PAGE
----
Don’t be Too Judgemental (of yourself)

Self-criticism can be healthy and this is particularly true when it comes to kids. They can be so insightful and brutally honest when it comes to analysing their own performances. But while a little can be good, too much can create all kinds of negative vibes.

Kids need to understand that we all have our flaws and that everyone is capable of making mistakes (even mum and dad!) However, this doesn’t mean that they should hyper focus on a perceived flaw that they may have. This will only lead to more doubts about their ability and once that seed is sown, it’s incredibly difficult to stop it from growing.

Again, this is just as important for parents to remember too. While we absolutely should point out any areas where children can improve. It’s critical that we don’t sound too judgemental.

Get More Experience

Easier said than done, right? Well, not quite. You see, experience doesn’t necessarily mean paid jobs. Your child could also get involved in some local theatre groups or drama clubs. You could encourage them to go for every audition that they are invited to attend. All of this counts as experience that will help them grow more confident in their abilities.

Take Some Classes

This is another option that could help your child shore up their confidence. Not only will they pick up some more skills but they will see that there are other kids who are on the same level as them. Sometimes we assume that the grass is always greener on the other side, so it’s good for your child to see that other kids also need to learn and pick up skills too.

And classes don’t need to be in-person traditional classes. You can now learn just as much by attending online classes like those that we provide at Bubblegum Academy. Shameless plug we know, but we’re super proud of what we have created so feel free to check it out as there are lots of programs to suit kids of all ages and skill levels in the entertainment industry.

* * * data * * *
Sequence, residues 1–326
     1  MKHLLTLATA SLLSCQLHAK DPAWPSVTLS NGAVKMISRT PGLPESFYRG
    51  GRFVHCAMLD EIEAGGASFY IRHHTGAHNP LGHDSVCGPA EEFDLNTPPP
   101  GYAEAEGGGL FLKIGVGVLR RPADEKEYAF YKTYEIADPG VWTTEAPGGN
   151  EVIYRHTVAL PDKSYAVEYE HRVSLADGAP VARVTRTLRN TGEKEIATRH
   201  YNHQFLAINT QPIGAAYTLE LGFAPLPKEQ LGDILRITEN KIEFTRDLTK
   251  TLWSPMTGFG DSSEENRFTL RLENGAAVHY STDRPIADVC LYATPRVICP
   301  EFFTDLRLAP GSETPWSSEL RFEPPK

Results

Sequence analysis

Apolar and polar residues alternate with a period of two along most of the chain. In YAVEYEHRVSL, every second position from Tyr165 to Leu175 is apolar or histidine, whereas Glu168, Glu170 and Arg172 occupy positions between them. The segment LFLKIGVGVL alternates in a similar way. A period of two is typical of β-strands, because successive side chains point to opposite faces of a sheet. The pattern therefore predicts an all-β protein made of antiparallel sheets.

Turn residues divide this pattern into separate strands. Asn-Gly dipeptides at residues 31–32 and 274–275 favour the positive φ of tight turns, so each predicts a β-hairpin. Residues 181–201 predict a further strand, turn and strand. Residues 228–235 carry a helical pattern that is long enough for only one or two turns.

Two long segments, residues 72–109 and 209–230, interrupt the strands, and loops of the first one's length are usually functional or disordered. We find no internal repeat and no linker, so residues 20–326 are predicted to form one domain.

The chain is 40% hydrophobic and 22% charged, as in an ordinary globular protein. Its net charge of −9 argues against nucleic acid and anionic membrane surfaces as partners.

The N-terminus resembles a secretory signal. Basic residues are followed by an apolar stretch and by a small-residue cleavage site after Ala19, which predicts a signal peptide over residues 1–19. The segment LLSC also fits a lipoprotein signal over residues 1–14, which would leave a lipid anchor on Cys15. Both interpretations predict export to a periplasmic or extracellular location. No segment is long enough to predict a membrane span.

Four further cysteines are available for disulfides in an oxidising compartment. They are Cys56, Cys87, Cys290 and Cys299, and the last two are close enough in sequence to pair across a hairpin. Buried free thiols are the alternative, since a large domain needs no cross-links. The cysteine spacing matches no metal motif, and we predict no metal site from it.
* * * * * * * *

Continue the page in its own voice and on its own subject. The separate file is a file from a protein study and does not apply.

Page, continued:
Improving Your Child’s Mindset

Having the right mindset really matters. Thinking along the right lines and in a positive way can be hugely beneficial for a child actor or model. This is especially true if they suffer from a lack of confidence.

While the tips listed above will certainly help any child boost their confidence, sometimes it’s more a matter of the right mindset instead of a lack of confidence. That’s what we’ve put together a few simple strategies that you can try out with your child or teen to see if it helps get them in the right frame of mind.


Foster Grit

Grit, and we mean True Grit 🙂 , is the ability to keep going no matter what kind of obstacles are thrown in your way. This could be a series of rejections or casting directors not picking your child for auditions at all. Every time your child overcomes one of these obstacles, they develop more grit for the industry.

Fostering that grit mindset will help your child push on through knowing that eventually their time will come.

Remember, this industry is all about patience and perseverance.


Visualising is something that many actors and models use to inspire themselves to greater success. They visualise themselves in the role they wish for and work tirelessly to achieve that goal. But it also helps to be realistic in their visualisation.

If they want to be a major Hollywood star, then perhaps it might be better to start out with a smaller goal of making it onto Australian TV. Once they achieve this goal (hey, anything is possible), they can then visualise themselves on the red carpet!

Reflect on Your Work

Taking the time to reflect on your work or your efforts in auditions will help your child to think about their growth. If they look back, they will soon realise that even if they are not a star just yet, they have achieved a great deal by going to auditions, attending classes, and if they were lucky, booking work.

Accept Challenges

Kids love a challenge perhaps even more so than adults. So it’s a great idea to encourage your child to challenge themselves in their acting or modelling from time to time. This could be by going for a job that they would normally feel reluctant to try out for or it could be by taking some classes.